Preparing for my husband’s homecoming took a bit of pre-planning. We had airlifted out of the woods and all we owned was still up there, in the mountain cabin. This situation called for my own impossible mission team, and they quickly materialized. Headed by my son’s boyfriend, my daughter and a group of their kind friends a late summer Saturday turned into moving day.
We met at a U-Haul center, rented a trailer, breakfasted at the McDonald’s next door, then off to the mountains. By the time my mother arrived to care for Chad, the bed was neatly placed in the downstairs living room. He had access to a bathroom two steps away, and enough room to use a walker to retrain his shriveled legs.
None of those preparations would have been possible without “a little help from my friends.”
Even at school all of my students, colleagues, parents and administration cut me huge swaths of slack. I realized in the midst of the whirlwind that somehow I was living in a state of grace. Chad was alive, my family provided support, and my school community couldn’t help enough.
A couple of days before the state football championship, our school’s team came to the house to visit the invalid-football fan. They signed a ball for him and sat a while, taking pictures and bringing youth and joy to his sick room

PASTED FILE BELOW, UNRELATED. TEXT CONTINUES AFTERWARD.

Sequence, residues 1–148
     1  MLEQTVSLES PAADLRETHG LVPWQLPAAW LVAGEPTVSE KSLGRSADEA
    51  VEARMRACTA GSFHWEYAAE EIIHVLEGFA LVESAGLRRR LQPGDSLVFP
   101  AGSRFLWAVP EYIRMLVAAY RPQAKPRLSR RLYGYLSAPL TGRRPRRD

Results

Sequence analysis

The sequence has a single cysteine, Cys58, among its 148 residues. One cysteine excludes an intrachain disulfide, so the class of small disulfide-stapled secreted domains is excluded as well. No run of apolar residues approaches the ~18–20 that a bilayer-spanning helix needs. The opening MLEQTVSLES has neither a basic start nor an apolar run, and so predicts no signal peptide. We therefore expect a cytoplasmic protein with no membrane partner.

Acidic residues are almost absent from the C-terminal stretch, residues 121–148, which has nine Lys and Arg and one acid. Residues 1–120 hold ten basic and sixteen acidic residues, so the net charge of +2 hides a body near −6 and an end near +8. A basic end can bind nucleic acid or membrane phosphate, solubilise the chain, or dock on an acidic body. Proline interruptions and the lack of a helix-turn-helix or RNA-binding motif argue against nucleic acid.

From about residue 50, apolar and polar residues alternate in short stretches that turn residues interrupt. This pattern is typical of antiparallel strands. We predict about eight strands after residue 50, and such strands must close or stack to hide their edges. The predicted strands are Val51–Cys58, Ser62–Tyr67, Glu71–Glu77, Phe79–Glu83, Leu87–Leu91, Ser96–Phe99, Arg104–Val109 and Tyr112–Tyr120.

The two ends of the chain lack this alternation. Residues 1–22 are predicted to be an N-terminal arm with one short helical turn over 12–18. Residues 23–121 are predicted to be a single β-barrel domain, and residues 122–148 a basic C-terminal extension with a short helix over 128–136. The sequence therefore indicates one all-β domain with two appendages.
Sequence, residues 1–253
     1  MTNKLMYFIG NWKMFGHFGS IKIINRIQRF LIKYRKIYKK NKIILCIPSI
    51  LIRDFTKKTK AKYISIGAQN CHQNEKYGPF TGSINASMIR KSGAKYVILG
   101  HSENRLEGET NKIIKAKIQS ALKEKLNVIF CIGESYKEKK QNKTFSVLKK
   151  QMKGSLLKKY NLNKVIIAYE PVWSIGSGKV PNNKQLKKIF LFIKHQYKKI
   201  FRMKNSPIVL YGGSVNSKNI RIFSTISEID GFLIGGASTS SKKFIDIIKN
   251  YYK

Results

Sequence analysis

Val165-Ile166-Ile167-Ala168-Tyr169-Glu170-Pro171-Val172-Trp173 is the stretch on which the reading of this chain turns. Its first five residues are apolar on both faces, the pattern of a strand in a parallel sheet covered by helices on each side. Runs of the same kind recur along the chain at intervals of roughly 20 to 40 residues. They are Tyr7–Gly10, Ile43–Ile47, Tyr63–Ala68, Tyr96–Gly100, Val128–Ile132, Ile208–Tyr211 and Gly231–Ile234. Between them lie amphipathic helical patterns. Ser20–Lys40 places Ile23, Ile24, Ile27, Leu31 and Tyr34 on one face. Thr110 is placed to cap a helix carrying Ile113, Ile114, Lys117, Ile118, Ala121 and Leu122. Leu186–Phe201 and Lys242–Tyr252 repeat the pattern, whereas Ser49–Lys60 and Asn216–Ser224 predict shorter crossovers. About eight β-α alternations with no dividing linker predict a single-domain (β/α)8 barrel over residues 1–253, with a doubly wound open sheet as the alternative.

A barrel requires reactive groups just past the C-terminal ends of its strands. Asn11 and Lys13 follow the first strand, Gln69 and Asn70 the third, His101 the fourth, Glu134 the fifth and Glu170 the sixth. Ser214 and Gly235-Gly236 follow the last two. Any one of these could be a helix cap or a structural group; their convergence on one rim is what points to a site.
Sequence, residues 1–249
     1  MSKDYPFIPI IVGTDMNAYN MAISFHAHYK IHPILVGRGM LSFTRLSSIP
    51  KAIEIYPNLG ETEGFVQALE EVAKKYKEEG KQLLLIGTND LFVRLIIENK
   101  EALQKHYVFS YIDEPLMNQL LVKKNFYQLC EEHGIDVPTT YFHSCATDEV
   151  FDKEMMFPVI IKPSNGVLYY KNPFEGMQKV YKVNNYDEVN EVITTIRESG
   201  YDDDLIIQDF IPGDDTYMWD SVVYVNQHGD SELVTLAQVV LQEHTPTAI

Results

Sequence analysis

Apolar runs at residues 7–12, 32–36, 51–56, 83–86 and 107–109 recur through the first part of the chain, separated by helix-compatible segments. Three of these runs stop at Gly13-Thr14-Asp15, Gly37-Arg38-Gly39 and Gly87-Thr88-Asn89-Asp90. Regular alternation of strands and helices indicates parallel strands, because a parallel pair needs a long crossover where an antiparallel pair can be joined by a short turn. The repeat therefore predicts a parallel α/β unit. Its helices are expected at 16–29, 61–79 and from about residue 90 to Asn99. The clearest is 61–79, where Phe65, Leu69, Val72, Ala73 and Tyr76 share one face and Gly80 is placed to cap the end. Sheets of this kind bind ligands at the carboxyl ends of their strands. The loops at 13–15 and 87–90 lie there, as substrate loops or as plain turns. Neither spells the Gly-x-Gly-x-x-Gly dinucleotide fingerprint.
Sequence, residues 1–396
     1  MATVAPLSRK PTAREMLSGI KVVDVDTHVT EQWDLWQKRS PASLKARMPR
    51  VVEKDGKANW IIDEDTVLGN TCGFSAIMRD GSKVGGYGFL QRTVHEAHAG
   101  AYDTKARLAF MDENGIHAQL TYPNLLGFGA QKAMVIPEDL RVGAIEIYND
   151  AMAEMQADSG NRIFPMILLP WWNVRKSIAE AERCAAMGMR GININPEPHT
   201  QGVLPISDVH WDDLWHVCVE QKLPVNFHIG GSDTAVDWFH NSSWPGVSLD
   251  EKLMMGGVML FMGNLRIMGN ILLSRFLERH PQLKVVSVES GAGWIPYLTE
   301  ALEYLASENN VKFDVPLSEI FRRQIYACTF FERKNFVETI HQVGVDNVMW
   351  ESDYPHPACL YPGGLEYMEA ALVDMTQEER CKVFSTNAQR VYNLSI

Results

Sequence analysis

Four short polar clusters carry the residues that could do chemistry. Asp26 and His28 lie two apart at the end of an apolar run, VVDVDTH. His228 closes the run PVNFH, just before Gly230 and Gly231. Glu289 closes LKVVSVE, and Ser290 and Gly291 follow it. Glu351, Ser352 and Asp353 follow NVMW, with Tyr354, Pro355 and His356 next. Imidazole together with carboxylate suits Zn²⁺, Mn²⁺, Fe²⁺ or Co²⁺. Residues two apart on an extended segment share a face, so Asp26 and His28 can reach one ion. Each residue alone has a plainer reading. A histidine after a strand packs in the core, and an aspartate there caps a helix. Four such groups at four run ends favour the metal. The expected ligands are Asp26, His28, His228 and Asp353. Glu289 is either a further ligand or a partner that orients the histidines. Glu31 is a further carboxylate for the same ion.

It still remained that he was quite ill, and pitifully fragile. It became my custom to stand over his bed each morning, listening for him to breath, verifying Chad had survived the night. And we still had a number of hospital runs ahead of us. An obstructed bowel, a collapsed lung, pneumonia, and finally his bowel resection. Still, despite my fears, despite all the chaos and confusion, I sensed an element of direction and purpose.
All of us, my parents, my children, my friends, students, and neighbors seem to form a team of our own. It was a team of humanity, of support, of prayer, of goodness, and of determination. I wouldn’t go back to that difficult time for anything, but I can savor from the distance of time that miracle of common cause.